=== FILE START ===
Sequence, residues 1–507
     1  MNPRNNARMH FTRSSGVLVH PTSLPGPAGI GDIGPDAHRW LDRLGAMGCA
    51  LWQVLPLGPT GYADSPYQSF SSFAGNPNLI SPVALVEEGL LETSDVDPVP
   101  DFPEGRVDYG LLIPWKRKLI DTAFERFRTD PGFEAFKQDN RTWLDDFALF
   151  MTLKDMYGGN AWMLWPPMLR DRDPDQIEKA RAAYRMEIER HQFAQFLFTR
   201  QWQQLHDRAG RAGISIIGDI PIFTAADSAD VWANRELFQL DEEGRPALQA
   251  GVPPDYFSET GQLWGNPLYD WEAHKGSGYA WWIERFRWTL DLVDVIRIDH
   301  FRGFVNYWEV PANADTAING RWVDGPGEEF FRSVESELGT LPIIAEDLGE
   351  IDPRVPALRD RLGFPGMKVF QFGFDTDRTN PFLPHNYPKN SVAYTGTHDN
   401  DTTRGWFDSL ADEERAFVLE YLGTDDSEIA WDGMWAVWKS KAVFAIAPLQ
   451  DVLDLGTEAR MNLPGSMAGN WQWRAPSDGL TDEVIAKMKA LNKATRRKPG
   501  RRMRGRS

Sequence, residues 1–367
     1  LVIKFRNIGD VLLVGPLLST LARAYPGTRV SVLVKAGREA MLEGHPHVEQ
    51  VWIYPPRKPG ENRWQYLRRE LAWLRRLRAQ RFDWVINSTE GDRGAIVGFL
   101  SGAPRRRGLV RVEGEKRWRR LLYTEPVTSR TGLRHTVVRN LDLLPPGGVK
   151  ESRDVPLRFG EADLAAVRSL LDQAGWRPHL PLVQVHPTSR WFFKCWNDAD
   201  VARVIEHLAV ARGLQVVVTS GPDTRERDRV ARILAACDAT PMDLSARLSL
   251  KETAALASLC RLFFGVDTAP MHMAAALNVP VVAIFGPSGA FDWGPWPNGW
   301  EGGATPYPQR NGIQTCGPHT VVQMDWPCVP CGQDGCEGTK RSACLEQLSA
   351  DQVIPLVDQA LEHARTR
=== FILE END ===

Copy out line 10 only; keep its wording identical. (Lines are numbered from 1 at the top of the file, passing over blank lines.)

   401  DTTRGWFDSL ADEERAFVLE YLGTDDSEIA WDGMWAVWKS KAVFAIAPLQ